"A Nation Divides"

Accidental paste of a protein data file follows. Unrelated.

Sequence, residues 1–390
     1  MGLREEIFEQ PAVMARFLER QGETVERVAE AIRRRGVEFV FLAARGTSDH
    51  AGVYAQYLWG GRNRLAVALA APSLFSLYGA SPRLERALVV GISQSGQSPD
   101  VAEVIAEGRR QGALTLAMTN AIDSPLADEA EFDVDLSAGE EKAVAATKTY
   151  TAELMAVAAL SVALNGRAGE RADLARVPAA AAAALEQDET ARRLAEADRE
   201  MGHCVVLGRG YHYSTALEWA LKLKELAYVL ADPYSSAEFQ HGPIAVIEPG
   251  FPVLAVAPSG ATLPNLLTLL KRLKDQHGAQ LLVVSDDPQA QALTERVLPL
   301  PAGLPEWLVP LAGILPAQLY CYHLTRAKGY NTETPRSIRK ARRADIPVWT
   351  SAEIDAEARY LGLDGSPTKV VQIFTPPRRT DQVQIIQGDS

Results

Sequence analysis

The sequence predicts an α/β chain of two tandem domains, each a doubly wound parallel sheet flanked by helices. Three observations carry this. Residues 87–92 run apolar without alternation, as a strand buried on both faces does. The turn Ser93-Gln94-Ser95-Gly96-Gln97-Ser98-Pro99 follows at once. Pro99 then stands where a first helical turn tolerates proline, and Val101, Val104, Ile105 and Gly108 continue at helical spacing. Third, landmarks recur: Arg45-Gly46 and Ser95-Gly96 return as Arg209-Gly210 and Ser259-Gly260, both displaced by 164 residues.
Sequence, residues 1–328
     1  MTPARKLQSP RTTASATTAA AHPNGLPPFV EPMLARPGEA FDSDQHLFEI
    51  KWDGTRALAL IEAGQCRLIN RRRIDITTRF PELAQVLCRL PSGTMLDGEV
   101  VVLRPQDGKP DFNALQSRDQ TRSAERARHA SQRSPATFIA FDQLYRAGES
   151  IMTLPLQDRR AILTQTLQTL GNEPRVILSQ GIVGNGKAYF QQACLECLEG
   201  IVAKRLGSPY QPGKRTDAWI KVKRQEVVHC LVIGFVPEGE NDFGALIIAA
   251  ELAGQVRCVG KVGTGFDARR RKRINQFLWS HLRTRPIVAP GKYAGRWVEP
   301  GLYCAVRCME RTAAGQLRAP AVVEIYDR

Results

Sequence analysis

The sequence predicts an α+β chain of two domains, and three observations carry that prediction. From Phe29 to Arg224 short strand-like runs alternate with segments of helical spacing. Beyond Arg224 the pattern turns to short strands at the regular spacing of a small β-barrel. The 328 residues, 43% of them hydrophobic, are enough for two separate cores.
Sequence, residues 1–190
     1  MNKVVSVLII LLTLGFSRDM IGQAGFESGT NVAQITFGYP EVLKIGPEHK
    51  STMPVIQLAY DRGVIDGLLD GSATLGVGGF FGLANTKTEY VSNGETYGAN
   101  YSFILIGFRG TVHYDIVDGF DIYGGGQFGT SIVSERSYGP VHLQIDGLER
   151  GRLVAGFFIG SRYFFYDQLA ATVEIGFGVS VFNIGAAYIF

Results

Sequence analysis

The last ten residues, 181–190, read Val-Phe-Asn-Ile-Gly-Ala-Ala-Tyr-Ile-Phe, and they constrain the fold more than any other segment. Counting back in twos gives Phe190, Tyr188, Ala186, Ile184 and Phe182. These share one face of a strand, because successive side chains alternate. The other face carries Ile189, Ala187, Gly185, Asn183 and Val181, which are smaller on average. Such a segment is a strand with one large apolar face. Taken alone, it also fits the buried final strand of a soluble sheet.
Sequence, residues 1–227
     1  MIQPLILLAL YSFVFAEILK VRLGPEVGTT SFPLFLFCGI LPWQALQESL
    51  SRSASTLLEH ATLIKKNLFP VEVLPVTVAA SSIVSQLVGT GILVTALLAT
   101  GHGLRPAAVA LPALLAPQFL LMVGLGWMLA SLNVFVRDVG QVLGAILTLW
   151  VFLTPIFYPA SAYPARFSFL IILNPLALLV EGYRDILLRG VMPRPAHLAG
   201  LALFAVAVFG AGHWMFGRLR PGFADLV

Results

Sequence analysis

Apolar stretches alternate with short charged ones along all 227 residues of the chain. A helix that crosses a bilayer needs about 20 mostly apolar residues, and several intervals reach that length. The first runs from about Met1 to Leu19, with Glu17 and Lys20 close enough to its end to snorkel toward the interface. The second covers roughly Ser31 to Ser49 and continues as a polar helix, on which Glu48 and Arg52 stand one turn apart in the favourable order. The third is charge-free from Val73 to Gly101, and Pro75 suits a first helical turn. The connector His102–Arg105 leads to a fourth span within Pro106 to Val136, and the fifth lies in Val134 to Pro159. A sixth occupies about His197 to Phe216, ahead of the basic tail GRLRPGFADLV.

A Nation Divides Causes of The American Civil War Objective: I can understand the events that led up to the Civil War (SS07-S1C6-01) • The role of the Abolitionists and the Underground Railroad • Sectionalism and States’ Rights • Westward Expansion • Missouri and 1850 Compromises • Dred Scott Decision • Kansas-Nebraska Act Abolitionists • A group that was devoted to the cause of ending slavery. • Most active from the 1830s, but various groups formed to protest slavery as early as 1688. William Lloyd Garrison Garrison published the anti-slavery newspaper “The Liberator” for over thirty years. He was perhaps the most radical abolitionist, and insisted that non-political, non- violent, not segregated methods were needed to fight slavery Angelina Grimke Born to a slave-holding family in South Carolina, Angelina and her sister, Sarah, moved to Pennsylvania and spoke out against slavery. They were verbally attacked for speaking in public. Lucretia Mott A Quaker minister, Mott sought the abolition of slavery and sometimes sheltered runaway slaves in her home. She refused to wear cotton, eat sugarcane, or use any slave-produced good. She was also a supporter of women’s rights movement. Reactions to the Abolitionist Movement • In the South, slaveholders and non-slaveholders believed that abolitionism threatened their way of life. • In the North, where the abolitionists were a small fraction of the population, opposition focused on the potential threat to the nation’s social order, the potential for a war with the South, and that freed slaves might take jobs away from Northern factory workers by working for lower pay). • Riots, mobs, and many acts of violence (including the murder of Elijah Lovejoy, editor of an anti-slavery newspaper in Illinois). The anti-slavery headquarters in Philadelphia, Pennsylvania Hall, was burned to the ground. Frederick Douglass Born a slave in Maryland, Douglass escaped, became a lecturer for the anti- slavery cause and published an abolitionist newspaper, “The North Star”. He also worked with the Underground Railroad and was an advisor to Lincoln. A quote from Douglass: Believe in yourself. Take advantage of every opportunity. Use the power of spoken and written language to effect positive change for yourself and society. The Underground Railroad The Underground Railroad was a network of routes by which slaves attempted to escape to free states, or as far north as Canada, with the aid of abolitionists. Other routes led to Mexico or overseas. At its height between 1810 and 1850, an estimated 30,000 to 100,000 people escaped enslavement via the Underground Railroad, though census figures only account for 6,000. The Underground Railroad consisted of secret routes, transportation, meeting points, safe houses, and other havens, and assistance that was maintained by abolitionist sympathizers. “Underground Routes” Harriet Tubman • Born a slave, but escaped and became a conductor on the Underground Railroad. She took more than 300 slaves to the north. • During the Civil War, Harriet was a spy for the Union. http://www.unitedstreaming.com/ videos/27283/chp926919_256k.a sf SECTIONALISM AND STATES’ RIGHTS SECTIONALISM: Instead of looking at the nation as a whole, southerners, westerners and northerners began to identify themselves regionally and not as Americans. So, the people would put the needs of their region over the needs of the nation. What did the North and South disagree on? • Slavery • • Western Expansion • Very different lifestyles, economies, and political ideals. NORTH SOUTH • More diverse • Agriculture as basis of population economy • Higher population • Cash Crops: Cotton, • Larger cities tobacco, rice, and • Industry and business sugarcane • Small farms • Slave labor • Groups of abolitionists • Few factories, little trying to end slavery industry Cotton is King! • In 1790 (before the invention of the cotton gin) there were about 750, 000 slaves in the south and 3000 bales of cotton produced per year. • By 1860, the number of slaves was over four million, who produced almost four million bales of cotton per year States’ Rights • Southern states felt state laws carried more weight than federal laws and therefore, state laws should be followed first. In addition, they argued that the federal government only has limited power under the 10th amendment. Westward Expansion http://www.unitedstreaming.com/ videos/12355/chp899204_256k. New Territory • Louisiana Purchase (1803) • Texas (1845) • Pacific Northwest (Treaty with Britain signed 1846: Oregon and Washington) • New Mexico, most of Arizona, California, Utah, and Nevada (1848). United States in 1800 United States in 1850 Free or Slave States? Compromise #1: Missouri Compromise of 1820 Missouri would come in as a slave state Maine would come in as a free state Banned slavery in the rest of the Louisiana territory above the 36, 30’ parallel Compromise #2: Compromise of 1850: California would be admitted as a free state Fugitive Slave Act Slave trade abolished in Washington D.C. New Mexico territory could decide for itself whether to allow slavery • Fugitive Slave Act • Required Northerners to return runaway slaves to their masters. • Made the Federal government responsible for catching slaves and trying them before “special commissioners”. The slaves could not speak and the commissioners were paid more if they returned the slave to the south. Kansas-Nebraska Act 1854 Slave or Free? • Introduced by Stephen Douglas, the act would allow the settlers of the proposed states to decide by voting (popular sovereignty) whether it would be slave or free. This abandoned the Missouri Compromise of 1820. • Pro-slavery and anti-slavery groups flooded Kansas to influence the vote. “Bleeding Kansas” • Elections put BOTH anti- slavery AND pro-slavery governments in charge of Kansas. • May 1856, Kansas exploded in violence: Lawrence was attacked by pro-slavery groups and anti-slavery groups committed revenge killings. • By Fall of 1856, over 200 people had been killed in Kansas. Dred Scott Decision Dred Scott v Sanford (1857) Dred Scott Case • Dred Scott sued for his freedom on the basis that he lived in Illinois (a free state) and the Wisconsin Territory (free) for years. • The case went before the Supreme Court, which could use the case to rule on slavery in the territories…. The Court’s Decision: • Chief Justice Roger Taney ruled that Dred Scott was still a slave, therefore not a citizen, and not even allowed to bring a lawsuit to the court. • Living on free soil did not make someone free, and slaves were property. • Congress had no power to prohibit slavery in the U.S. territories because that would amount to taking away a person’s property without “due process of law”. Reaction to the Dred Scott Decision: • Southerners were elated by the Supreme Court ruling that preventing slavery’s spread was unconstitutional. • Republicans and other anti-slavery groups were outraged and called it “the greatest crime” ever committed. They vowed to win the presidency, appoint new justices and overturn the decision. RAId on HARpER’S Ferry John Brown’s Plans An abolitionist, John Brown planned to raid the federal arsenal (storage place for weapons and ammunition) in Harper’s Ferry Virginia. He planned to distribute the weapons to enslaved people for rebellion. October 16, 1859 • John Brown and 21 men, including two of his sons, stormed into the arsenal and a rifle maker’s shop and took 60 hostages. • Brown was wounded when Marines under Colonel Robert E. Lee ended the stand-off. Both of Brown’s sons were killed. John Brown was tried, found guilty, and executed. Click for video: Election of 1860 The Candidates • John Breckinridge: of Kentucky, nominated as a Democratic candidate. He was the vice- president, and promoted the extension of slavery into the territories. • Stephen A. Douglas: of Illinois, a Democratic candidate who opposed the spread of slavery and lost the support of Southern Democrats. More Candidates… • Abraham Lincoln: The Republican candidate, also from Illinois, he was a moderate. His party was opposed to the spread of slavery. • John Bell: of Tennessee, was the candidate of the Constitutional Union Party, which took no formal position on slavery. Lincoln Wins! • Lincoln won a majority of the votes, even though he did not appear on the ballot in most Southern states. • He won every Northern state. • He won 180 of 303 electoral votes, but only 40% of the popular vote. Three weeks later: • South Carolina votes to secede, or leave, the United States on December 20, 1860 • They were joined by Texas, Louisiana, Mississippi, Alabama, Florida, Georgia to form the Confederate States of America. • WAR HAD BEGUN